- The Washington Times - Wednesday, November 19, 2003

House and Senate backers of the Medicare prescription-drug bill are counting on the measure’s $25 billion in funding for rural doctors and hospitals to win over lawmakers in both parties.

“I do not see how a senator can vote against this bill and deny rural residents of his or her state … the tremendous increases in this bill for rural America,” Sen. Max Baucus, Montana Democrat and key bill supporter, said yesterday.

“I’m here today to urge my colleagues, Republicans and Democrats who represent states like mine, to understand that this is the best thing rural America has ever seen,” said Sen. Charles E. Grassley, the Iowa Republican who helped craft the bill.

Leaders were still modifying the bill’s language to secure more votes late yesterday, and the Congressional Budget Office was waiting for the final version so it could provide a total cost estimate, a CBO spokeswoman said.

The bill would dedicate at least $25 billion to boost Medicare payments to rural doctors and hospitals, which often suffer financially compared with their suburban counterparts.

Mr. Baucus and fellow bill supporter Sen. John B. Breaux, Louisiana Democrat, met Tuesday with the conservative, rural House Democrats that compose the Blue Dog coalition. Mr. Breaux said some indicated their support.

Rep. Ralph M. Hall — a Texas Democrat who voted for the initial bill last time with eight other Blue Dogs and will support the final bill as well — predicted 10 to 16 House Democrats will vote yes.

“It’s the only bill that’s coming up, and it has some good provisions for rural areas,” he said. “I don’t think you can go home and say you voted against the only Medicare prescription-drug bill.”

Fellow Blue Dog Rep. Collin C. Peterson, Minnesota Democrat, also predicted more than nine Democratic votes now that the measure has the backing of the AARP, the nation’s largest senior citizens group.

The Blue Dogs are being lobbied heavily by both supporters and opponents of the bill. Most of the conservative Democrats are undecided.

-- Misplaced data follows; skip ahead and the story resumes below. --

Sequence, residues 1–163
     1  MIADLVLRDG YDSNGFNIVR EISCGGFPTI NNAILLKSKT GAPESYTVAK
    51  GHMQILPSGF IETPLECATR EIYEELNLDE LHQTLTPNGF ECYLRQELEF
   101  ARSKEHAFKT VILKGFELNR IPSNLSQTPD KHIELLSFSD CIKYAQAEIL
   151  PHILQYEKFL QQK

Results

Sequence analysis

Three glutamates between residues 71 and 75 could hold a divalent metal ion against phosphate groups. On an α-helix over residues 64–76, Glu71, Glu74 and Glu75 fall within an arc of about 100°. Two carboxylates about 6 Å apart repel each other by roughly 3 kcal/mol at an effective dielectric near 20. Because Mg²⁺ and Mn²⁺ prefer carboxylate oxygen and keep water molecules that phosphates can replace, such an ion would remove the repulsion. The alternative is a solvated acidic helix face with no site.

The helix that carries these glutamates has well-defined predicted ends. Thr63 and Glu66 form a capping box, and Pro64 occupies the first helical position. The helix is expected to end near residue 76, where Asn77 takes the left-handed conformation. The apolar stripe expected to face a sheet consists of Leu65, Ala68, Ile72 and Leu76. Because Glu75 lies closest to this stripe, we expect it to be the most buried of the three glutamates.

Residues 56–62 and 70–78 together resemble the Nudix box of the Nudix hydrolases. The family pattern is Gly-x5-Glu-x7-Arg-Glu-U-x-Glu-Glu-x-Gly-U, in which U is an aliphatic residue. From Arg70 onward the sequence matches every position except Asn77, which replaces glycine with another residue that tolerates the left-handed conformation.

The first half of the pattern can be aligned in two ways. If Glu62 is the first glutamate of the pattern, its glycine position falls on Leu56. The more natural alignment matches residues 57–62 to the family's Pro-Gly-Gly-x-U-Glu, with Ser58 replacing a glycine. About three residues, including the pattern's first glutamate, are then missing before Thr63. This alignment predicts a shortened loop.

Rep. Charles W. Stenholm, Texas Democrat, is still making up his mind, but said that “the rural component is a must for us and it is a very good package.”

Meanwhile, House and Senate Democratic leaders continued their campaign to defeat the bill, saying it will undermine Medicare by giving private plans too great a role in delivering health care.

“Democrats will work day and night against this shameful Republican bill,” House Minority Leader Nancy Pelosi, California Democrat, told a rally of seniors groups that was opposing the measure.

House Republican leaders said yesterday they’ll have the votes to pass it.

“The dynamic is very good,” said House Majority Whip Roy Blunt, Missouri Republican. “I believe we’ll have it by Friday.”

And in the Senate, Democrats still lacked the votes to filibuster the bill.

But House Republican leaders are trying to convince conservatives the measure does indeed contain ample Medicare reform. Nineteen House conservatives voted against the bill last time, and several who supported it are now complaining about the measure, saying key reforms have been weakened.

One opponent, Rep. Jeff Flake, Arizona Republican, said all 19 would vote no again and there are close to another 19 ready to vote no as well.

But a House Republican aide said the leadership would keep most of the conservatives in the end. Even a House Democratic aide who opposes the bill agreed Republican leaders would be able to pass the measure.

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